Posted in Neural Spasm, Sermons, Tell Me!

10 Questions of Christmas: the seventh day

God, God, God. Just what were you thinking (or perhaps you weren’t)? I mean, you’re all knowing, all seeing. So why did you have to come to Earth to experience human existence? You already know what it’s all about. You’ve already experienced it directly from the minds of millions of humans who have lived and died. So why did you need to see it through your own essence-made-flesh?

And for that matter, why did you need to ‘come to Earth’ anyway, when you’re already there (after all, you’re everywhere)? Were you have a senior’s moment? A little bout of cosmic dementia? Did you forget that you knew everything? Experienced everything (in fact, you already knew the entirety of existence and everything that would happen for eternity from the moment you created the universe, because you’re all-knowing). So why? There was literally nothing you could learn from coming to Earth in a physical body.

To you the reader: the Christian God supposedly knows EVERYTHING. That means: He knows all that was, He knows all that is, and He knows all that will be. He knows what it is to love, to hate, to lust, to fear, to kill, to suffer… to sin. He knows the life of priviledge and He knows the life of poverty. And He knows everything in between. He knows each and every person’s thoughts and feelings. Even the secret ones you don’t admit even to yourself.

God did not need to come, bodily, to Earth to experience humanity. He always and forever has the experience of a complete human life each and every moment of His being. So why did He come? I don’t know.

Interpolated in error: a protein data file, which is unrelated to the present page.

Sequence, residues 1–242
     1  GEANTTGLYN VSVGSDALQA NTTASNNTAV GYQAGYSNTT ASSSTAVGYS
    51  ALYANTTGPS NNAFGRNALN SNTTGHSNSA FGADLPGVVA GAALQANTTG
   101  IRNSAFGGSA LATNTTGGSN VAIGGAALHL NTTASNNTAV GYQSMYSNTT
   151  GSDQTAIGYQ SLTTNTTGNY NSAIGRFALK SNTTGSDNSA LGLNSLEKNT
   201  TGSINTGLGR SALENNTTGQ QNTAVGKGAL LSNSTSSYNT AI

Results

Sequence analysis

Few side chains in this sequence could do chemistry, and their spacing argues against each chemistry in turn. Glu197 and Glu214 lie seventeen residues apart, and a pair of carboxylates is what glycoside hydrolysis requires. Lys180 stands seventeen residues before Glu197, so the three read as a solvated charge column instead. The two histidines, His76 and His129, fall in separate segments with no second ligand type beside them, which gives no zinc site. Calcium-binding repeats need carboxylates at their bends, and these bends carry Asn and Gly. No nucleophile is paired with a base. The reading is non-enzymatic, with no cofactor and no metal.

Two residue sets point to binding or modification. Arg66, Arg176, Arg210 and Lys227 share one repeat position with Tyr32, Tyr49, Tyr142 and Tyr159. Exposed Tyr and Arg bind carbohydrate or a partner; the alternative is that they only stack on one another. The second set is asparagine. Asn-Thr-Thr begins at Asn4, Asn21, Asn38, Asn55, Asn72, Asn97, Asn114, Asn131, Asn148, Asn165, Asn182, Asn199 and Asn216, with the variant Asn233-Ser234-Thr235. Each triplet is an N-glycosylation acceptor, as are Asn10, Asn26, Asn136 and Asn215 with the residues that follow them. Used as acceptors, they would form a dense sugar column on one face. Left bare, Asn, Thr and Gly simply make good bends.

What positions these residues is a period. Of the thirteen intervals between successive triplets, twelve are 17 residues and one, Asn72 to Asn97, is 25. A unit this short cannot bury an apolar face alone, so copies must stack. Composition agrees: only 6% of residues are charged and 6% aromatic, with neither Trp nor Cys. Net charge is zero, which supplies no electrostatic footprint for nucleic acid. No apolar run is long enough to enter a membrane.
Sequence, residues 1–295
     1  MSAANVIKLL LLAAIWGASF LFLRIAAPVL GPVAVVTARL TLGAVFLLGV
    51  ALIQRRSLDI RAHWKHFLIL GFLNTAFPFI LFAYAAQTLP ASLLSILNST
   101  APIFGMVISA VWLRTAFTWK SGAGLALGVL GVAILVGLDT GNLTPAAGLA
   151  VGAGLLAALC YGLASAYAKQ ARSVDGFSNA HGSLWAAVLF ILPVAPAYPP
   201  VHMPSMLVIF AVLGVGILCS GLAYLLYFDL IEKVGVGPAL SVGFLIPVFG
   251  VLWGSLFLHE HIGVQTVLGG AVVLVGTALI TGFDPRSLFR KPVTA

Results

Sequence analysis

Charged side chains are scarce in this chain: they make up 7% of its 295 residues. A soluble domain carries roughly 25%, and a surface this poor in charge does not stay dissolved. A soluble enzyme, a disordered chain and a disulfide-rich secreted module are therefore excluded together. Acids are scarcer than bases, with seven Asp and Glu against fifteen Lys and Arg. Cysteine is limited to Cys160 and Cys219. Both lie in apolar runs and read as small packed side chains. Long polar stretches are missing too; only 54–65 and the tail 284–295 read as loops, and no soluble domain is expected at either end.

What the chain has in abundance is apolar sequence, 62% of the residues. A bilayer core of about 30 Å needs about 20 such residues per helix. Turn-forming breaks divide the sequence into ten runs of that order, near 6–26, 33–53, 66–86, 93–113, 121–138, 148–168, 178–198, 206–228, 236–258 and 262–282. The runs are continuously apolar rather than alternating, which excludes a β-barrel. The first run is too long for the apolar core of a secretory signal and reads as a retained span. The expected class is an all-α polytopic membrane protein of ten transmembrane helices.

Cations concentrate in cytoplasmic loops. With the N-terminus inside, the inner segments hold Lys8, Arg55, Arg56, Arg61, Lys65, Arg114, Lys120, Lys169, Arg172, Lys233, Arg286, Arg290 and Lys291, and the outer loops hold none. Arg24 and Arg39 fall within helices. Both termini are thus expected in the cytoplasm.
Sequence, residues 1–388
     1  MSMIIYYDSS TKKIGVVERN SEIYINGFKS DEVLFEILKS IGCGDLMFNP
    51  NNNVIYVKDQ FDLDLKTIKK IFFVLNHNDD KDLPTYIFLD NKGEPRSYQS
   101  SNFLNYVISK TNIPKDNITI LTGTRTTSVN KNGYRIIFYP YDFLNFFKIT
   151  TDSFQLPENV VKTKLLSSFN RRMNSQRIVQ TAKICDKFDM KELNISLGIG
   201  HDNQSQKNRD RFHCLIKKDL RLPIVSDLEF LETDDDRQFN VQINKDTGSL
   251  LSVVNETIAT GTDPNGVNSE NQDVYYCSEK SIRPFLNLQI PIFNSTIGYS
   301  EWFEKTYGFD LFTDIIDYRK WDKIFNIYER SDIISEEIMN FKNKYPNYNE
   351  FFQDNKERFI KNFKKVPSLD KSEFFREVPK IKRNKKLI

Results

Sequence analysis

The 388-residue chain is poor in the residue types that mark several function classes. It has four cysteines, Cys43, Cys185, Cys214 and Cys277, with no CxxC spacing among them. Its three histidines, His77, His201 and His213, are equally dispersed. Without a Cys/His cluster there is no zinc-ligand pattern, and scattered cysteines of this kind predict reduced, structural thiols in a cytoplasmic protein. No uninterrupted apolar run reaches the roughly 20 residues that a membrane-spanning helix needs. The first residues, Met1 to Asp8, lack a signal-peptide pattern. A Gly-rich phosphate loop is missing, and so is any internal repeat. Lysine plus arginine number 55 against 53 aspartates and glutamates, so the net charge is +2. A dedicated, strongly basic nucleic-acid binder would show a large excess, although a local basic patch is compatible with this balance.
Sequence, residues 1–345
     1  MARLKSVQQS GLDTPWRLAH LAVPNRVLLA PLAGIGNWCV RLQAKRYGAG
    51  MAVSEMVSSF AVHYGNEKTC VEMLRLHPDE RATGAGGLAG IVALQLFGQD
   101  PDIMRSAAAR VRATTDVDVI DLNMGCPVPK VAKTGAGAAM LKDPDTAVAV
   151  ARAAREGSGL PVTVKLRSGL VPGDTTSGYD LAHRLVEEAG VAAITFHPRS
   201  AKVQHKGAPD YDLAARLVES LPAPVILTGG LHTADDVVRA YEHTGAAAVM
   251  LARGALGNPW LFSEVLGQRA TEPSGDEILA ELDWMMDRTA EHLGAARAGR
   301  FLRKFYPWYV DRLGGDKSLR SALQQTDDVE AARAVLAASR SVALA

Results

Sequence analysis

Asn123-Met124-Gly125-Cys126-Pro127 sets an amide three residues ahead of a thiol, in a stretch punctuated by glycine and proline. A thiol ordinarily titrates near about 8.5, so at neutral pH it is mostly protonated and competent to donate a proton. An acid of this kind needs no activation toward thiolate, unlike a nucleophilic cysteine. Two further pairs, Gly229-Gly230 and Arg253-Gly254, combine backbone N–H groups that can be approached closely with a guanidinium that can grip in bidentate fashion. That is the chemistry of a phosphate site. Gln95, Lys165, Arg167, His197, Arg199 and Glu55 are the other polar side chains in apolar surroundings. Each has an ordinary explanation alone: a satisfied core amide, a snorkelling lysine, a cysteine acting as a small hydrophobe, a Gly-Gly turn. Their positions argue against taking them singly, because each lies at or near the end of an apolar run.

[As an aside, for those readers who haven’t figured this out yet: if God knows everything, then there is NO free will. Because, if you had free will, then God wouldn’t know what you were going to do. And if God didn’t know what you were going to do, then God wouldn’t know everything. Ergo, either God knows everything and there is no free will, or there is free will and God doesn’t know everything.]

– – – – – – – – Question #7 – – – – – – – – – – –

But let’s ignore the inconvenient truth of the above, and continue on with the Christmas story. We’ll just assume God had some kind of cosmic Alzheimer’s Disease and had to learn what it was like to be human so he could fully appreciate our suffering.

Even if it’s a little late for that, since He’s caused so much of it Himself. But who knows, maybe He found love or something.

So, God wants to come, bodily, to Earth to experience what it means to be human. As one does, he picks an undeveloped, nowhere part of the world, chosing to be born male. And he goes and lives His new life, turning his back on His human family, calling followers to Him and telling them to leave their families and friends, showing off by doing party tricks at weddings. You know, the usual kind of thing you do when trying to learn about a people and their civilization. And when He’s had enough, he let’s himself be killed (because, I mean, He’s God right? God can’t be killed if He didn’t want to be). And the rest, well, that’s for Easter.

But, what I really want to know is, why did God only come down to Earth in the form of a single person? I mean, how much can you learn about humanity from the experience of one, short life? What about other genders, other cultures, other economic statuses?

Insight and longevity.

The Revenant



I'm a writer, publisher, digital artist and web designer. As chief editor of Utility Fog Press I've been responsible for the publication of three anthologies.

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